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Genome-wide screen for new centrosome position regulators

Final Report Summary - CENTROLOC (Genome-wide screen for new centrosome position regulators.)

The microtubule cytoskeleton is a network of tubule like polymers organized through the cell cytoplasm to distribute correctly protein complexes and other cellular organelles. Its organization impacts therefore on overall cell architecture. Proper microtubule cytoskeleton structure and dynamic are critical during cell division to segregate chromosomes and in non-dividing cells for processes as migration, signaling, and cell polarization. Microtubules (MTs) in animal cells are organized from two main “microtubule organizing centers” (MTOCs) the centrosomes and the Golgi apparatus. The position and activity of the MTOCs should be therefore precisely regulated in order to establish an adequate MT network in each biological cell context.

The scientific objective of my research proposal was to identify new regulators of one of these MTOCs: the centrosome. Our global aim was to understand how the cell controls centrosome localization. Centrosomes are extremely well conserved across evolution. They are composed of a pair of centrioles surrounded by a cloud of pericentriolar material. Centrioles themselves are microtubule based cylindrical structures, of approximately 500nm length and 200nm wide in humans. The centrosomes/centrioles are the MTOCs that build the mitotic spindle, cilia and flagella, and as a consequence they are required for fundamental processes such as chromosome segregation, cell signalling and cell motility. Centrosome abnormalities have been linked to cancer progression and are thought to be at the root of genetic disorders as microcephaly and ciliopathies. Although proteomic analysis have identified approximately 200 proteins as part of the centrosome-proteasome, the role of most of these proteins in centrosome biology is still a mystery. In addition, other proteins not localizing to the centrosome may be involved in regulating fundamental centrosomal functions. We performed a genome wide analysis to discover new players of centrosome biology, focusing our attention on centrosome positioning. Our analysis tested the function of almost every single gene of the human genome by using a siRNA library to switch off the expression of the genes in the cells and subsequently analysing the consequences on centrosome position.

The centrosome, during interphase of actively dividing cells, is usually in close proximity to the nuclear surface. It is believed that this connection between the nucleus and the centrosome could be critical for several cellular processes. To screen for factors involved in this connection, we measured the distance from the centrosomes to the nuclear membrane systematically in our genomic approach (Figure 1).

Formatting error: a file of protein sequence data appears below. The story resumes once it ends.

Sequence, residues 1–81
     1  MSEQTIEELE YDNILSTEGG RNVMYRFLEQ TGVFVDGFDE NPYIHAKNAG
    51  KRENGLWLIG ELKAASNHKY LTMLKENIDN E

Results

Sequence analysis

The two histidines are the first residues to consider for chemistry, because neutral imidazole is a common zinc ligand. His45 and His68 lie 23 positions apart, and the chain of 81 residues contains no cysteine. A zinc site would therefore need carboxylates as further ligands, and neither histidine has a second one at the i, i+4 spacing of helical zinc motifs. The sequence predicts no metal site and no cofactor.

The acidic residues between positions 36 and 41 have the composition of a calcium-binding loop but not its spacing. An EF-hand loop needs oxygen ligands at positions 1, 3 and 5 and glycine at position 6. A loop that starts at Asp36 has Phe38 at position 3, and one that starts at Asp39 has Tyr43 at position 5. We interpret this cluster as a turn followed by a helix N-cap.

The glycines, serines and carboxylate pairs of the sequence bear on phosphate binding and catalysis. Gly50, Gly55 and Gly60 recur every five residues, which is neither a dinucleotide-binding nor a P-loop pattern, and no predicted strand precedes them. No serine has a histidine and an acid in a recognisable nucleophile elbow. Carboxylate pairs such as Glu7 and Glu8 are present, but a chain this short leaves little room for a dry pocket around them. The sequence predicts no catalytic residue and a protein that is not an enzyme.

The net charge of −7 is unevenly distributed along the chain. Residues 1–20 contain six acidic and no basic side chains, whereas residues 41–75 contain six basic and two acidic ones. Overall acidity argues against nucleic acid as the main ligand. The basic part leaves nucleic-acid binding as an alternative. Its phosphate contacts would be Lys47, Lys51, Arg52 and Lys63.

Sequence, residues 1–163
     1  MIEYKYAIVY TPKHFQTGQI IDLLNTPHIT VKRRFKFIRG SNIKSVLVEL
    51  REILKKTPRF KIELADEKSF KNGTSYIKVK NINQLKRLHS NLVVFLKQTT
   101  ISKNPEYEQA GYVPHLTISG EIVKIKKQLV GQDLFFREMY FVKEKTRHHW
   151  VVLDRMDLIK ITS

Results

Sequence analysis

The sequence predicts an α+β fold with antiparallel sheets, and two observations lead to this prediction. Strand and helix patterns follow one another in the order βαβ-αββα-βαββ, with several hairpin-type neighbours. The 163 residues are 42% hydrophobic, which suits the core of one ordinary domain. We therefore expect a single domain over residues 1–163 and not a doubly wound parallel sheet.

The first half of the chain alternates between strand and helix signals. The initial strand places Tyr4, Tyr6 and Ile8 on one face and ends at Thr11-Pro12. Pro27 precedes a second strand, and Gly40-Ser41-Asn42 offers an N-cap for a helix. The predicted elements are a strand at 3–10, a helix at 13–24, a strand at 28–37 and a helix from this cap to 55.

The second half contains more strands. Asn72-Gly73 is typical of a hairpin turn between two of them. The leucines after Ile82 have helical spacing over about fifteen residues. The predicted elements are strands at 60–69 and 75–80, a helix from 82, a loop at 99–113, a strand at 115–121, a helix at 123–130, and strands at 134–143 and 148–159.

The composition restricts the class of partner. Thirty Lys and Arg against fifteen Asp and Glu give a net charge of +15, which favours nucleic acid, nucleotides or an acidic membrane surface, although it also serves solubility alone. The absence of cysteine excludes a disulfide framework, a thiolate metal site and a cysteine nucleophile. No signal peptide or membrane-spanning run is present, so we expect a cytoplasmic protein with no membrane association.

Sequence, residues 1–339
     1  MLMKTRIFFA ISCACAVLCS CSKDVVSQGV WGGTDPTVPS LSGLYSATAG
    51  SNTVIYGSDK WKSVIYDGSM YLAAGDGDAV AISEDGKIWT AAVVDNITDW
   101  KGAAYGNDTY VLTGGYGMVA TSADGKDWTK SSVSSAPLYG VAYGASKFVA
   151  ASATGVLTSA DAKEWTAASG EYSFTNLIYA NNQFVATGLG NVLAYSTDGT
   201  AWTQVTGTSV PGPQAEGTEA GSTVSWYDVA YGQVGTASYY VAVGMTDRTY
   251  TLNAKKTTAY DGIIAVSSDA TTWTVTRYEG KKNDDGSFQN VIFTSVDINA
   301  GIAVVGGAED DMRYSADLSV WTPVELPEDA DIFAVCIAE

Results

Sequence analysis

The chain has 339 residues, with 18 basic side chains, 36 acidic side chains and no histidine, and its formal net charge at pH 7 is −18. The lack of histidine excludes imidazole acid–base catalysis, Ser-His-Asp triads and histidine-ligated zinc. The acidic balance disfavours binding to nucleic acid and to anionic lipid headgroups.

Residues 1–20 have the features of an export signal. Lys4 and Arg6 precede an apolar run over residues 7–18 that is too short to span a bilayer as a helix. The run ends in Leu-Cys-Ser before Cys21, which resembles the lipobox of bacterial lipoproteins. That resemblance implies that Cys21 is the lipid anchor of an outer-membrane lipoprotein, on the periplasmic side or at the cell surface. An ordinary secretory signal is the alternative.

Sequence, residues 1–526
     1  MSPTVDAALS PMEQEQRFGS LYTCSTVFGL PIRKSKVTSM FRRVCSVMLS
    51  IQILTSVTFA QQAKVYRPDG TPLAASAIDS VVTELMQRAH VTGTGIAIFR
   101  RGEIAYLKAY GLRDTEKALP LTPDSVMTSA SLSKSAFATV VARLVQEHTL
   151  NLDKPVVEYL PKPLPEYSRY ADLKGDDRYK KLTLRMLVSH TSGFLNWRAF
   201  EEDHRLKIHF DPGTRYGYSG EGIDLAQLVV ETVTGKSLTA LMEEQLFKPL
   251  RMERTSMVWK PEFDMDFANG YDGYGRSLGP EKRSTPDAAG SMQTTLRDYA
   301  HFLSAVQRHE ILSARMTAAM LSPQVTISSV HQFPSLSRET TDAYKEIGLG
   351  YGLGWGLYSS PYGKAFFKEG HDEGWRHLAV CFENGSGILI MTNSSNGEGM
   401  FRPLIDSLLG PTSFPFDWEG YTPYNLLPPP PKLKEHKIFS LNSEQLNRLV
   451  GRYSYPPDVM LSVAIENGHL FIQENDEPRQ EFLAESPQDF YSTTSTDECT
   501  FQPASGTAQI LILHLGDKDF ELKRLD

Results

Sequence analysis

With this strategy we uncovered 52 new regulators required for keeping the centrosome close to the nuclear surface. Among these candidates we selected one of them (CEP170) and characterized its molecular role in centrosome positioning. We revealed that CEP170 controls centrosome positioning by influencing the stability of the microtubule network surrounding the nucleus.

In addition we studied the molecular function of TRIM37, a gene identified in a previous screen as a mayor regulator of centrosome number. TRIM37 is an E3 ubiquitin ligase which loss of function mutations underlies a rare autosomal recessive multi-organ disorder of unknown molecular etiology: Mulibrey nanism (MUL). On the other hand TRIM37 overexpression is frequently found in breast cancer cells where it contributes to tumorigenesis. We discovered that TRIM37 restrict extra centrosome number formation by inhibiting two centriolar formation pathways.

Overall, the results produced in this study, once published, will increase the understanding of the scientific community on centrosome related diseases as cancer, microcephaly and ciliopathies. Furthermore the molecular mechanisms revealed that connect the E3 ligase TRIM37 with two centriole biogenesis pathways, might shed light on the molecular origin of the rare disorder Mulibrey nanism, and contribute therefore to envisage new therapeutic strategies.